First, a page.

Mickey Rourke is ‘The Wrestler’ on Hulu

“Warm” and “human” are not two words you associate with Darren Aronofsky, but in The Wrestler (2009) he is both, thanks in large part to the heartbreakingly open and vulnerable performance from Mickey Rourke, the comeback story of 2008.

It’s been a long time coming for Rourke, who has been doing tremendous, unshowy work in American indies and oddball pictures for years, all in supporting roles and character parts. But it still makes a great story given the parallels to the film, which is about a once-famous, largely-forgotten, pummeled-into-scar-tissue pro wrestler whose glory days were twenty years ago.

Randy “The Ram” Robinson still lives in that past, at least as far as his taste in hair metal music goes, and pushes an increasingly broken body into the ring for regional cards in the show-biz hinterlands of rural New Jersey for a few hundred dollars a night. At least until a heart attack forces retirement on him and sends him to try to connect with the aging stripper he loves (Marisa Tomei, equally vulnerable but more wary) and reconnect with the daughter he all but abandoned (Evan Rachel Wood).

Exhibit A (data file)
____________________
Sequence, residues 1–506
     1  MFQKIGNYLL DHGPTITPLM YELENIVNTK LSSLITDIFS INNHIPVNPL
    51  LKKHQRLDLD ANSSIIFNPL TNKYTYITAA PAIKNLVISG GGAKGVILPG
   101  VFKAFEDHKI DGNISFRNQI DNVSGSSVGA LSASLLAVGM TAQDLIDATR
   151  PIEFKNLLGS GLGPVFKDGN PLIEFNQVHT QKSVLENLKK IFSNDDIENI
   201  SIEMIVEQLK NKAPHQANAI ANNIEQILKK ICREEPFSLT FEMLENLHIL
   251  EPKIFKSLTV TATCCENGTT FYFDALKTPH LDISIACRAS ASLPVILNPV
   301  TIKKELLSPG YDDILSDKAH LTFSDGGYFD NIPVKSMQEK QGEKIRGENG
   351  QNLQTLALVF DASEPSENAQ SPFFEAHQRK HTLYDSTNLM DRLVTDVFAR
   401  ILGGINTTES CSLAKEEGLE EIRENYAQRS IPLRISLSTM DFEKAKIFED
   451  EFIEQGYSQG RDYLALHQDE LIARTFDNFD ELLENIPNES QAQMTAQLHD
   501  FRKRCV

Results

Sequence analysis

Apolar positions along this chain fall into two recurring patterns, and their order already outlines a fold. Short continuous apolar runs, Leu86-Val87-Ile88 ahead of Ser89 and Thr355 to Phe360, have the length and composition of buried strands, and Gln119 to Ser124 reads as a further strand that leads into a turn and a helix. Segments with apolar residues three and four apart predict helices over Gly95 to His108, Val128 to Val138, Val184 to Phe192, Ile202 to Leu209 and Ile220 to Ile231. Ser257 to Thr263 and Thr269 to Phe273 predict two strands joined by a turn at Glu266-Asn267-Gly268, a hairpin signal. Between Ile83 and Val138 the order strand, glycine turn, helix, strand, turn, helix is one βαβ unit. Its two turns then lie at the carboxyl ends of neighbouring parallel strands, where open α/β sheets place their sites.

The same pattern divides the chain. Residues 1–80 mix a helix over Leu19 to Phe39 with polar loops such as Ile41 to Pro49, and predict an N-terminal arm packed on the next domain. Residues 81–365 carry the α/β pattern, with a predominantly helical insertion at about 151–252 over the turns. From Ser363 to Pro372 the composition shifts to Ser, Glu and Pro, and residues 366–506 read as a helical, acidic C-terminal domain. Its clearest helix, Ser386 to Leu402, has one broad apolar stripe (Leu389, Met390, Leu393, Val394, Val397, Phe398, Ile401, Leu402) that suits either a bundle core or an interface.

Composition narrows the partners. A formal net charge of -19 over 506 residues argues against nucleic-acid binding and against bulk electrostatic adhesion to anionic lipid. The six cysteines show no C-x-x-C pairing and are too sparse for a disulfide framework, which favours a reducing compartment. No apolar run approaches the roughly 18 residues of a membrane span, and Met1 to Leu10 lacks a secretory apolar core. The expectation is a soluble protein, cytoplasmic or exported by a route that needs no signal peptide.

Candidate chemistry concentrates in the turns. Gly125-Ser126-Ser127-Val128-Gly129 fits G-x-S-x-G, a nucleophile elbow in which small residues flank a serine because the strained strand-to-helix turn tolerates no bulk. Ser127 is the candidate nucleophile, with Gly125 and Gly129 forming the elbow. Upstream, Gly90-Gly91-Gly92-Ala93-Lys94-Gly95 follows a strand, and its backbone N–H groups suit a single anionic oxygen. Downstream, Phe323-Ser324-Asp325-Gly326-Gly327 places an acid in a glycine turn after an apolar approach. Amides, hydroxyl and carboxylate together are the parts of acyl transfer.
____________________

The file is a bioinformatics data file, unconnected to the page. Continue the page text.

Aronofsky gives his blue collar world of trailer parks and strip clubs an understated authenticity and Rourke makes The Ram a flesh and blood character of natural generosity who just needs to be loved and can only find it in front of the crowd. It grabs for the heart and it squeezes, but with a calloused, knocked-about brand of sentimentality.

Both Rourke and Tomei earned Academy Award nominations for their performances and the film won three Film Independent Spirit Awards, including best picture and actor for Rourke. Aronofsky won the Golden Lion at Venice and Rourke picked up the best actor BAFTA and nodes from numerous critics groups.

Rated R

Also on Blu-ray and DVD and on SVOD through Amazon Video, iTunes, GooglePlay, Fandango, Vudu and/or other services. Availability may vary by service.
The Wrestler [Blu-ray]
The Wrestler [DVD]

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The Blu-ray and DVD feature a music video for Bruce Springsteen’s theme song (which was unaccountably not nominated for an Oscar) and the 42-minute “Within the Ring,” a superior behind-the-scenes documentary directed with a rough-around-the-edge sensibility befitting both the film and the culture of its characters. It’s also a very egalitarian production, spreading the coverage between the stars, the supporting cast, the wrestling community and key members of the production staff.


Sean Axmaker is a Seattle film critic and writer. He writes the weekly newspaper column Stream On Demand and the companion website, and his work appears at RogerEbert.com, Turner Classic Movies online, The Film Noir Foundation, and Parallax View.

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